Celebrating 25 Years of Scoop
Special: Up To 25% Off Scoop Pro Learn More

Search

 

Cablegate: Eritrean Aviation: Government Squeezing The

VZCZCXRO8785
RR RUEHROV
DE RUEHAE #0379/01 3081040
ZNR UUUUU ZZH
R 041040Z NOV 09
FM AMEMBASSY ASMARA
TO RUEHC/SECSTATE WASHDC 0571
INFO RUCNIAD/IGAD COLLECTIVE
RUEHEG/AMEMBASSY CAIRO 0487
RUEHKH/AMEMBASSY KHARTOUM 0293
RUEHNR/AMEMBASSY NAIROBI 4789
RUEHYN/AMEMBASSY SANAA 1881
RUEHFT/AMCONSUL FRANKFURT 1399
RUEHJI/AMCONSUL JEDDAH 0922
RUEHMT/AMCONSUL MONTREAL 0001
RUEKJCS/SECDEF WASHDC
RHEHNSC/NSC WASHDC
RUEAIIA/CIA WASHDC
RUEKDIA/DIA WASHDC
RUMICEA/JICCENT MACDILL AFB FL
RHRMDAB/COMUSNAVCENT
RUEPADJ/CJTF-HOA J2X CAMP LEMONIER DJ
RHMFISS/HQ USAFRICOM STUTTGART GE

UNCLAS SECTION 01 OF 03 ASMARA 000379

SENSITIVE
SIPDIS

DEPARTMENT FOR AF/E, AF/EPS, EEB/TRA/AN
LONDON AND PARIS FOR AFRICA WATCHERS
DS/IP/AF
PASS TO DEPARTMENT OF TRANSPORTATION

C O R R E C T E D C O P Y added sensitive caption

E.O. 12958: N/A
TAGS: EAIR ATRN ASEC CASC EFIN ECON ER
SUBJECT: ERITREAN AVIATION: GOVERNMENT SQUEEZING THE
AIRLINES

REF: ASMARA 345

ASMARA 00000379 001.4 OF 003


1. (SBU) SUMMARY: The four international airlines serving
Asmara are discouraged by the Eritrean government's (GSE)
refusal to allow them to convert $20 million worth of local
currency and its repeated attempts to gouge them for hard
currency. The GSE, through its wholly owned Eritrean
Airlines, has raised airport handling fees to nearly
quadruple the rate for comparable airports in Africa. The
GSE also will not allow the airlines to purchase fuel in
Asmara, lowering their carrying capacity and thus their
profitability. If the GSE continues the pressure on the
international airlines, they may eventually pull out, leaving
few safe and dependable options for travel to Eritrea. The
two domestic airlines are not profitable and rely on charters
to stay in business. END SUMMARY.

Advertisement - scroll to continue reading

Are you getting our free newsletter?

Subscribe to Scoop’s 'The Catch Up' our free weekly newsletter sent to your inbox every Monday with stories from across our network.

AIRLINES AND AIRPORTS
---------------------

2. (SBU) Five airlines currently offer commercial service to
Asmara International Airport (ASM). No commercial service is
available by any carrier to any other airport in Eritrea.
Lufthansa, which is post's supplier of medevac, evacuation,
repatriation, pouch, and courier services, flies from
Frankfurt via Jeddah three days per week. EgyptAir flies
four days per week to Cairo between June and October, three
days per week all other months. Yemenia flies twice a week
to Sanaa. Sudan Airways resumed flights to Asmara in May
2009 with direct flights twice a week to Khartoum via Kasala,
Sudan. Nasair, a private Eritrean carrier that started in
November 2006, offers six flights per week to Dubai, Jeddah,
Khartoum, Cairo, and Nairobi. Eritrean Airlines no longer
runs commercial flights though it has resumed charter
flights.

3. (SBU) Although Massawa sports a new state-of-the-art
international airport, it is not yet open for commercial
operations. Local industry insiders state that this is
largely due to the lack of business in the Massawa Free Zone.
In June 2008, twelve chartered EgyptAir flights brought
1,200 Eritrean deportees back from Egypt and landed at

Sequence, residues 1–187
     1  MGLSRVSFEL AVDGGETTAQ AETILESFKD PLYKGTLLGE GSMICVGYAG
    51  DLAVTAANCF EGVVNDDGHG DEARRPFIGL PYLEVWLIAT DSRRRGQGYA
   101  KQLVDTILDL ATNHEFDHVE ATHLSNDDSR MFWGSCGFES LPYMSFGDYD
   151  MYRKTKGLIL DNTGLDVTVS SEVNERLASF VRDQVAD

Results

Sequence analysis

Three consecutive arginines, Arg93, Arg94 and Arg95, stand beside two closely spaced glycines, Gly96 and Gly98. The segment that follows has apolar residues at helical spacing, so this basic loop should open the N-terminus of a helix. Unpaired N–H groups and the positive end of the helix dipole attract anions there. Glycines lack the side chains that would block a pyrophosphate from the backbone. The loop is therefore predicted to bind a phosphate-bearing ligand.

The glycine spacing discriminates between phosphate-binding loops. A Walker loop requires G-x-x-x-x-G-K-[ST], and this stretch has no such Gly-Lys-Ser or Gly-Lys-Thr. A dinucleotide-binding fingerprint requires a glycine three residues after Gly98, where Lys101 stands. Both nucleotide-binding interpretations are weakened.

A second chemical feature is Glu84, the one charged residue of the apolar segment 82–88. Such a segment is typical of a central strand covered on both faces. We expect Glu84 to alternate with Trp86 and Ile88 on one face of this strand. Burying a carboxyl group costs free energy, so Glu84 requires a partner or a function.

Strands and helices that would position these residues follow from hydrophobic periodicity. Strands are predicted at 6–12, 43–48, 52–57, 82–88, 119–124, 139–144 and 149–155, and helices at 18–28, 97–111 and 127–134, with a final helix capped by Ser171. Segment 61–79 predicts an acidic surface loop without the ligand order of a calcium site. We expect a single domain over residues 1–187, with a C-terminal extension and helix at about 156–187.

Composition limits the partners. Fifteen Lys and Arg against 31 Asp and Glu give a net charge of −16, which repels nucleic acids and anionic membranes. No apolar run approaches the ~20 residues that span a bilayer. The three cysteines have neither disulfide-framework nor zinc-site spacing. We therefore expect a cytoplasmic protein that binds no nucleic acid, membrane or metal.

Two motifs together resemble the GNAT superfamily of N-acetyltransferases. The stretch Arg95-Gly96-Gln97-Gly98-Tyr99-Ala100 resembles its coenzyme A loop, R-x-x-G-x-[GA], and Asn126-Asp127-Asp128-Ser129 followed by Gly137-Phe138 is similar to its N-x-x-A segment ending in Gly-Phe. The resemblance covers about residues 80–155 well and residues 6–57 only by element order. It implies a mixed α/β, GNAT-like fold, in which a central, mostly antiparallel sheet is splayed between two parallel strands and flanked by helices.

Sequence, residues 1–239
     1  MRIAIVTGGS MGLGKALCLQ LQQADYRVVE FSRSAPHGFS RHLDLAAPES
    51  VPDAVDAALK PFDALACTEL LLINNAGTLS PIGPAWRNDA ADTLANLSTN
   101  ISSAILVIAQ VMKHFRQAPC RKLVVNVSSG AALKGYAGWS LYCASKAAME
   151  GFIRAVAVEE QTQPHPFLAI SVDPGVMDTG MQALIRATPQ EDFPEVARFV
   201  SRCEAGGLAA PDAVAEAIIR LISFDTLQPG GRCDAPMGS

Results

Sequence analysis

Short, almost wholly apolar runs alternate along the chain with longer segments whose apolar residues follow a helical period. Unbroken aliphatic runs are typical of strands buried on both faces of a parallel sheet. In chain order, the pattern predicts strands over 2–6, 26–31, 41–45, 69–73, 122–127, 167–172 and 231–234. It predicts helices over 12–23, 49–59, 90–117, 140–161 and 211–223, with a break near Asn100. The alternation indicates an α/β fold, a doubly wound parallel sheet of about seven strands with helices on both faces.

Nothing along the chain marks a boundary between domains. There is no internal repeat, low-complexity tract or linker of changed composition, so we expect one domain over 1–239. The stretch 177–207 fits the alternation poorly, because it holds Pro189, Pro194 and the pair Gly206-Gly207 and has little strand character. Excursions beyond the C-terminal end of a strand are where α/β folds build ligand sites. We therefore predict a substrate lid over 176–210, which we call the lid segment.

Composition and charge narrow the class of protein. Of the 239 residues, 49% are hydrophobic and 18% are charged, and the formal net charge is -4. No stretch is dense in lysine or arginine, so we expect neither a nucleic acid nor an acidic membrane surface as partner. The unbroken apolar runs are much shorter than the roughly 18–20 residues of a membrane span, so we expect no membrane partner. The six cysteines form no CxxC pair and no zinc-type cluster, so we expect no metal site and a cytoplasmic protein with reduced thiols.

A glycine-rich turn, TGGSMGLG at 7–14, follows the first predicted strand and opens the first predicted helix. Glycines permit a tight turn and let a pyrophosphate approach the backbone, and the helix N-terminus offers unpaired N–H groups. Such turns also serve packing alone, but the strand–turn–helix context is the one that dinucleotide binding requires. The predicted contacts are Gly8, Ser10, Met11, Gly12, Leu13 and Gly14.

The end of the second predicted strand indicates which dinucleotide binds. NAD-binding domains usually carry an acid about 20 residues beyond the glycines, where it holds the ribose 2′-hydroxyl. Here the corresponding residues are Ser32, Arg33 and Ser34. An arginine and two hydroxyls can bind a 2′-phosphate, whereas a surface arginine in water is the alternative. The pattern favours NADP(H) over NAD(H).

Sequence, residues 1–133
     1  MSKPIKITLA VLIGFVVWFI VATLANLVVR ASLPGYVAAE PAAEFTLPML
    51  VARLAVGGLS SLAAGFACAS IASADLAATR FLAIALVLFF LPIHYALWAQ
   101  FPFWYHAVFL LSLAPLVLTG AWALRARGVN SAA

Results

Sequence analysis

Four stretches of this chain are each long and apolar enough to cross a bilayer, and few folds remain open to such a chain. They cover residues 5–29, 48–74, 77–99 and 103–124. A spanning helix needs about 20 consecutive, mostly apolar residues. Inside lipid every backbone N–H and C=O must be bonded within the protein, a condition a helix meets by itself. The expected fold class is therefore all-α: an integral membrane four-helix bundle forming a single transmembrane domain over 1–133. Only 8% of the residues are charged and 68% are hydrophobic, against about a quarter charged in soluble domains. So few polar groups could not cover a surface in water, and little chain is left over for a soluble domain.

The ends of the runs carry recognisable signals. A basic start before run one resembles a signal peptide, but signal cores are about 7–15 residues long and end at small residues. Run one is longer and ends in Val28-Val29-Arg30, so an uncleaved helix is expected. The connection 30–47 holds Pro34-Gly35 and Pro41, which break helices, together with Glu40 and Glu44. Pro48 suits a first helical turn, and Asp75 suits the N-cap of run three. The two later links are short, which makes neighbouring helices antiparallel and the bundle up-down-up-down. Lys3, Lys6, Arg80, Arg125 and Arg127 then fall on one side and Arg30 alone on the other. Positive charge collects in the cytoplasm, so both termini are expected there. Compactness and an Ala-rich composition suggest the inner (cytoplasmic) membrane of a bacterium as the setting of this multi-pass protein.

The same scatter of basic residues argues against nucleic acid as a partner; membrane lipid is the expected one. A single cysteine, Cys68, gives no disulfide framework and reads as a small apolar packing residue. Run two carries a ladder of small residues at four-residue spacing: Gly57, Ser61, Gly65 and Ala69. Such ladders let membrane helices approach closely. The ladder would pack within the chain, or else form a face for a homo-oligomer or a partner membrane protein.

Massawa, most likely to avoid attention. Nasair opened its
operations November 2006 in Massawa, but has temporarily
moved headquarters back to Asmara until Massawa opens for
commercial operations. There have been reports the GSE may
try to make Massawa Eritrea's primary international airport,
perhaps as soon as 2012.

Eritrean Airlines: It's All About Hard Currency
--------------------------------------------- --

4. (SBU) Eritrean Airlines opened for business in 1998, "not
for profit but because we wanted to have a way in and out of
the country," according to its Chairman of the Board. Now
$11 million in debt, the airline is attempting to restore
profitability by leasing its sole aircraft, a 767 purchased
from Qantas for $3 million, for charter flights to Sudan and
Saudia Arabia. The airline's chairman states that the
airline hopes to lease another plane, a 737 or an A-320, to
resume commercial operations, possibly to Karachi or Lahore
(through Dubai), Rome or Milan (through Cairo), and Nairobi
(through Khartoum). Eritrean Airlines has a monopoly on
handling operations at ASM (reftel). In a blatant, and at
least partially successful, attempt to soak the international
carriers for hard currency, Eritrean Airlines raised handling
rates to now quadruple the industry average in Africa. All
airlines but Lufthansa have agreed to pay the 25% increase in
fees.


ASMARA 00000379 002.4 OF 003


5. An embassy contact who is well-connected to the travel
industry told us that Eritrean Airlines is interested in
establishing a code-share with Kenya Air to use landing
rights it still has in Milan, Rome, and Frankfurt. Kenya Air
flights would stop in Asmara en route to those cities. The
key questions would be if Kenya Air would have to accept fare
payment in nakfa-- and wind up in the same position as other
international airlines, and whether the deal would be
politically palatable to the GSE, given Kenya's AU and IGAD
votes in favor of sanctions on Eritrea.

The Upstart Nasair
------------------

6. (SBU) Nasair, is named for its Eritrean owner Nasriddin
Ibrahim, who is resident in Dubai. Educated in the United
States, Nasriddin began his career there as an aircraft
broker. Nasair has the most convenient service to Nairobi
(through Khartoum), flying a 737-200 aircraft holding 108
passengers. The airline's break-even point is 45 passengers
per flight, but usually has about 50. It also operates